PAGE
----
New answers tagged

0

Richard suggested that I convert my comment to an answer. Most of the key points are well addressed elsewhere, but I will repeat them here for the sake of completeness. is there a good use case for using the C clef? Absolutely. The problem is that keyboard culture has evolved to the point that the benefits of using C clefs are seen to be outweighed by ...


11

Pianists don't read C clefs. A great majority flatly don't know how, and most of the ones that can (because they play an instrument that reads them) are completely unpracticed at it for piano. It's only the rare person who regularly sight-reduces orchestral scores on piano who would be able to play this. Don't ever use 8va in bass clef or 8vb in treble, as ...


20

I don't think a C-clef is necessary. Consider using the treble clef for the top staff, and leaving the upper voice here. Put the middle voice with the lower, in the bottom staff in bass clef. If the middle voice gets very high, you can move it from the bottom staff to the top staff. This gives at most two ledger lines, which is not many at all. If you think ...


11

A C clef is unusual for piano. A C clef is also only one note below treble clef written 8vb or one note above bass clef written 8va. If you want to avoid ledger lines I think choice #2 is better since you don’t want 8ve symbols between the staffs (you learn something new every day @MattPutnam). Having your music played properly and written in a way that is ...


10

The reason to write in C clef is the one you've come up with: the notes fit better on the staff. That's how clefs came into being — so that the core range of a particular voice (or instrument) fits nicely within five lines and spaces. Piano music doesn't use C clef, and pianists will snarl at you for using it, though some are able to read it — usually ...


12

It means that the very first time that measure is played, it's played with the non-parenthesized notation. On any subsequent visits to that measure, it's played according to the parenthesized notation. There's no special name for this instruction, but it serves a similar purpose to writing separate "endings": X: 1 T: First and second "endings&...


2

The reason the notes and time signature seem not to match up is that there are two separate "voices" happening simultaneously. This idea is discussed in Too many notes in this measure and linked Q&A. To identify the two voices, just know that the dotted quarter notes are one voice, and the eighth rests/notes are the other. GuitarPro allows ...


0

The subdivisions work the same way as they normally do, but the thirty-second notes are divisions of the subdivisions At very slow tempi the key is to make your counts fractions of a beat. I count this piece with one count for every half beat (so I'm counting in eighths). The 32nd notes then become a subdivision of the count: 1 (2) (3) a 4 a 5 (6) 7 (8)


0

No. They are completely different. A bass clef is a music symbol, and a question mark is a punctuation mark. The bass clef is a symbol that indicates low pitched notes. The bass clef is placed at the beginning of a music staff to indicate that the following notes are written in the bass clef. It is also called the F-clef because it originated from a fancy ...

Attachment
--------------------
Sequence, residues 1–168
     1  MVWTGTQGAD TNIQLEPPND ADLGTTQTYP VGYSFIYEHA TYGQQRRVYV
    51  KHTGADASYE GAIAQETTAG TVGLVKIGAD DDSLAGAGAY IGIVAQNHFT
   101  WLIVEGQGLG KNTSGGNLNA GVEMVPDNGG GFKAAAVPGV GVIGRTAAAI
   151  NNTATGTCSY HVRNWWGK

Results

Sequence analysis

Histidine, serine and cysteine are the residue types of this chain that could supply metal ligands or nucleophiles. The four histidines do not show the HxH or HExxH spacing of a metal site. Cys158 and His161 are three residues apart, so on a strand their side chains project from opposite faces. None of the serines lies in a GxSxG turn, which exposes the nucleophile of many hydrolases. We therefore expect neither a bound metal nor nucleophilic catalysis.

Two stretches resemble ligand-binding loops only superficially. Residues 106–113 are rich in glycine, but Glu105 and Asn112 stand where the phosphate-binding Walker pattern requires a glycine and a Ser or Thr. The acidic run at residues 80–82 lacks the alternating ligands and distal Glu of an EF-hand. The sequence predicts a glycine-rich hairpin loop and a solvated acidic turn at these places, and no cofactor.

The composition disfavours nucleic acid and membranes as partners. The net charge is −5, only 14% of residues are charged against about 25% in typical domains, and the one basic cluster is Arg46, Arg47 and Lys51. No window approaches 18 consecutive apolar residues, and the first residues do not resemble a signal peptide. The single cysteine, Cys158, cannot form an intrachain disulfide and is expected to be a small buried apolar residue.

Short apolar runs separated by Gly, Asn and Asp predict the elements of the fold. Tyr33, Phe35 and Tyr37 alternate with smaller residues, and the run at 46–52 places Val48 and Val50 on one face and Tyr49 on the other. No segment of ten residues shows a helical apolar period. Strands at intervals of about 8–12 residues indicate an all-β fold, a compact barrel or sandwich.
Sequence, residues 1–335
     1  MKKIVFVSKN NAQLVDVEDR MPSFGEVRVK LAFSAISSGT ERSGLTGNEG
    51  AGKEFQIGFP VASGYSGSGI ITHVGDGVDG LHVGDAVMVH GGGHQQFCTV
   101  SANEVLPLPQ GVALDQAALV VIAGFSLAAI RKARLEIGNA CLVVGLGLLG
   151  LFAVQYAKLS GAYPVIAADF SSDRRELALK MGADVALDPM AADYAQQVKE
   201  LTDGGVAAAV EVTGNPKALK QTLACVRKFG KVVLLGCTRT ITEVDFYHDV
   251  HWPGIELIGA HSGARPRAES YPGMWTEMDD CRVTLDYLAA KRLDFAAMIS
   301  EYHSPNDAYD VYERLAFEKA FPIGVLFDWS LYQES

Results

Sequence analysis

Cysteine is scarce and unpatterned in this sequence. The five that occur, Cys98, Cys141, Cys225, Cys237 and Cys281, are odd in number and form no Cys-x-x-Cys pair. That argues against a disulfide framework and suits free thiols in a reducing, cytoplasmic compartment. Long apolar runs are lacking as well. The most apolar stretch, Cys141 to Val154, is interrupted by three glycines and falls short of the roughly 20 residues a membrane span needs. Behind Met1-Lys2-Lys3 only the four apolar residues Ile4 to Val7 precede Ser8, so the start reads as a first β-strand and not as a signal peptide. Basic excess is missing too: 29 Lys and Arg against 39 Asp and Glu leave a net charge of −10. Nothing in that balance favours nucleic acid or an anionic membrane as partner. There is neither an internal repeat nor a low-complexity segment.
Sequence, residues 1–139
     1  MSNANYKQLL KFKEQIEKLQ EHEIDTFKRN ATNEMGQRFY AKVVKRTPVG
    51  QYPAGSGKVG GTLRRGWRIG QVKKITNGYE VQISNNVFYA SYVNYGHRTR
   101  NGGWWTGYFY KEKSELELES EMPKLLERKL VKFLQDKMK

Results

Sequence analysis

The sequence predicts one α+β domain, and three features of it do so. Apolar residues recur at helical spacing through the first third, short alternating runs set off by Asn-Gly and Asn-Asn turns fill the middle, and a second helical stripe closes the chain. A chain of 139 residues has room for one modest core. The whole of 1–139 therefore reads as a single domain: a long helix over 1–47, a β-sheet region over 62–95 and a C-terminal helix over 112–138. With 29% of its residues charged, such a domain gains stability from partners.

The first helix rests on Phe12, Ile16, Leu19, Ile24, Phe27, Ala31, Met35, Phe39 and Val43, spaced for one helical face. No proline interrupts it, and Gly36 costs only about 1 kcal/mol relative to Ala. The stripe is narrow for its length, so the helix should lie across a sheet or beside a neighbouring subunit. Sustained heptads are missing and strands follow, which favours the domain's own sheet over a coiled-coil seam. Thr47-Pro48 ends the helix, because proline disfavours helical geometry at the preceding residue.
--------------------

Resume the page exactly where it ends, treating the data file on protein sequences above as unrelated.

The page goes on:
1

I want to thank everyone for their answers and help and I am sorry about being late with getting back with you. What I actually ending up doing was adding a variable above all of the rest that had the "silent voice" with all of the break information in it, like this: systeminfo = { \new Voice { s1*8 \break s1*7 \break s1*...


2

I'd like to supplement the reasoning behind this: Note heads take space, and chords are typically sharing the stem or in absence of one are placed above each other. If the note heads would overlap (due to very small interval between them) the first remedy is, to keep the note stem common and imagine one note head pushed to the other side of the stem (see ...


5

They should be played together. They're just spaced oddly like that to accommodate the presence of both E and E#. The reason it's E and E# (as opposed to, say, E and F) is because of the previous E-F# dyad. For the notation in question, the E is a repeat of the previous E, and the E# is the lower neighbor to the F#s on either side. Looking at it as two ...


2

In addition to Ramillies's great answer, a similar tool that may be helpful is specifying how many systems you want on your page. In your paper block, include systems-per-page = #4, for example, to have exactly four systems on each page. But this can be problematic depending on the nature of your score: if the instrumentation changes often from dense to ...


4

A \break or \noBreak in any voice affects the whole system. I just have a special variable in all of my Lilypond files that contains only spacer rests with those breaks set up, and I put it as a voice into one of my staves (it doesn't matter which one it is). Here's a lilybin example: http://lilybin.com/walvlh/1 . By the way, I'd say it's a good idea to ...


2